Lectures from the Allen Room & Wertheim Study: Noel Field : The Last Stalinist
Born in Hungary, Kati Marton has combined a career as a reporter and writer with human rights advocacy. Since 1980, Marton has published eight books. Her 2009 book, a Cold War memoir entitled Enemies of the People - My Family’s Journey to America, published by Simon & Schuster, was a National Book Critics Circle finalist, and is soon to be the subject of a major motion picture. Her latest book, Paris – A Love Story, published in August 2012 by Simon & Schuster, is a memoir with Paris at its heart and like all stories of Paris, love as its theme. Marton's books have been translated into five languages. She is on the board of directors of the Committee to Protect Journalists, the International Rescue Committee, the New America Foundation, and Central European University. She is a member of the Council on Foreign Relations, P.E.N. International and the Author’s Guild. She was the winner of a George Foster Peabody award for a documentary on China. She has also received two honorary doctorates: one from Roger Williams University in Rhode Island in 2000 and another from Skidmore College in Saratoga Springs, New York in 2009. In 2011 she was awarded the Leo Nevas Human Rights Award from the United Nations Association.
A Dangerous Man – the Noel Field Story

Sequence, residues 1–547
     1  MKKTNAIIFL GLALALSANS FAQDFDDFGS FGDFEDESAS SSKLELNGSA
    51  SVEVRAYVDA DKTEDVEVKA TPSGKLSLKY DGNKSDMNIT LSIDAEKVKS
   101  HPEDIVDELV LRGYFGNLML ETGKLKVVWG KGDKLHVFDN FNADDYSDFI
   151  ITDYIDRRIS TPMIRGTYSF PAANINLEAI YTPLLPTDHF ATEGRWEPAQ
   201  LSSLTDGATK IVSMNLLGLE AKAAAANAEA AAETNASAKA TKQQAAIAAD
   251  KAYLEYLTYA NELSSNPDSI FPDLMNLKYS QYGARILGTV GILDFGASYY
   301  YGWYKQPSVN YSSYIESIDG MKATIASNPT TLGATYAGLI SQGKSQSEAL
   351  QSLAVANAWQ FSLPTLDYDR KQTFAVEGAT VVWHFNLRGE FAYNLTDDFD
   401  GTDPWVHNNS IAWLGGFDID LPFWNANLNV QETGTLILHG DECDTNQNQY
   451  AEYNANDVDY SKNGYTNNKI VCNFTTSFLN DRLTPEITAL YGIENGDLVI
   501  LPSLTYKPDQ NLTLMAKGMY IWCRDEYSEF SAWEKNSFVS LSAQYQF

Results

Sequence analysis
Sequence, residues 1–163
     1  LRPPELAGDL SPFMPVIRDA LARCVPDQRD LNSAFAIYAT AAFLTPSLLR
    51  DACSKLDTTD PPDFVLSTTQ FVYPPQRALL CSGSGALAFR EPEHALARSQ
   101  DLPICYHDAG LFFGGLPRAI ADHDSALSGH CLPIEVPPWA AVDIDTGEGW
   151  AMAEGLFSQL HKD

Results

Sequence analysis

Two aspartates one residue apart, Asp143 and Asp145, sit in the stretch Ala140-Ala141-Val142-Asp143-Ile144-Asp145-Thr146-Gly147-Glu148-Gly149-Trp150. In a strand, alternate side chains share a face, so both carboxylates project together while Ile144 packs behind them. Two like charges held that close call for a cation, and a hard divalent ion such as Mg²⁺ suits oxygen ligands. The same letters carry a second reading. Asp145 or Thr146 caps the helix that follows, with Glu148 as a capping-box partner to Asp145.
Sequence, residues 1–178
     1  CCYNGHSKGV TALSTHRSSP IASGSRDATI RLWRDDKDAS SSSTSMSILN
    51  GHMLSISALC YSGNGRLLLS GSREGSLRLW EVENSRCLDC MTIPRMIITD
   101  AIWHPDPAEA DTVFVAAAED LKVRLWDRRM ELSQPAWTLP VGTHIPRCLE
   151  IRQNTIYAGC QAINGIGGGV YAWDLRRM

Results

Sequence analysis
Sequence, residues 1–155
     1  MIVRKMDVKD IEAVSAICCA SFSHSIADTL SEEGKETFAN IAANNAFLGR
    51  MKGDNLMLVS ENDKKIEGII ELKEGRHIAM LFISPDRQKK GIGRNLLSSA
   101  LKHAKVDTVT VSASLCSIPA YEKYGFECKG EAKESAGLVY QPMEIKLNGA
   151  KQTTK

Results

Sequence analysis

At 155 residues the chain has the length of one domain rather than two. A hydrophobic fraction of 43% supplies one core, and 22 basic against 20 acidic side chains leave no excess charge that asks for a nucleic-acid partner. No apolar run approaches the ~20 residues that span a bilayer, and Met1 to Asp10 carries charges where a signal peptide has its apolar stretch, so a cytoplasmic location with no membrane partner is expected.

We are daily reminded of the danger posed by quiet, alienated men pursuing secret lives in our midst. In a different era, Noel Field lived such a life. Field’s hidden faith was Communism, his God, Stalin. A mysterious and obscure figure in the annals of the Cold War, Field should be as well known as Alger Hiss or Kim Philby. The human cost of this American’s fanaticism exceeded that of either of those legendary spies. Field is virtually unknown because in 1949 Stalin’s agents abducted him from his Prague hotel and held him captive for the rest of his life, first in an actual prison, then inside a country that itself was a prison state, Hungary. Only two Western journalists ever reached Field: my mother and father. In the chaos and violence of the 1956 Hungarian Revolution, my parents breached the Fields’ Budapest hideaway. Two couples, one American the other Hungarian, faced each other with wary curiosity. All four had been recent inmates of the same prison. “What happened to your little girls?” Herta Field asked my mother, as she led my parents to their comfortable Budapest living room. They were shocked by Field’s assertion that Soviet troops, on a killing spree against Hungarian freedom fighters, were the real revolutionaries. The Hungarians, according to Field, were counterrevolutionaries. My parents were stunned that, despite torture and five years of prison, Field remained a true believing Communist. Nor did he seem contrite that his false testimony caused the death of hundreds of his comrades. In Field’s eyes, any means was legitimate to reach the goal of the Workers’ State. Even killing workers. Using Field’s personal correspondence, the secret police files in the Budapest and Moscow archives, the New York Public Library’s vast Cold War collection of periodical and books, and with the help of his surviving family, I will attempt to pierce the mystery at the core of A Dangerous Man: How did a well born and well connected American lose faith in his own country and become a hardened Stalinist – even after falling victim to its brutality.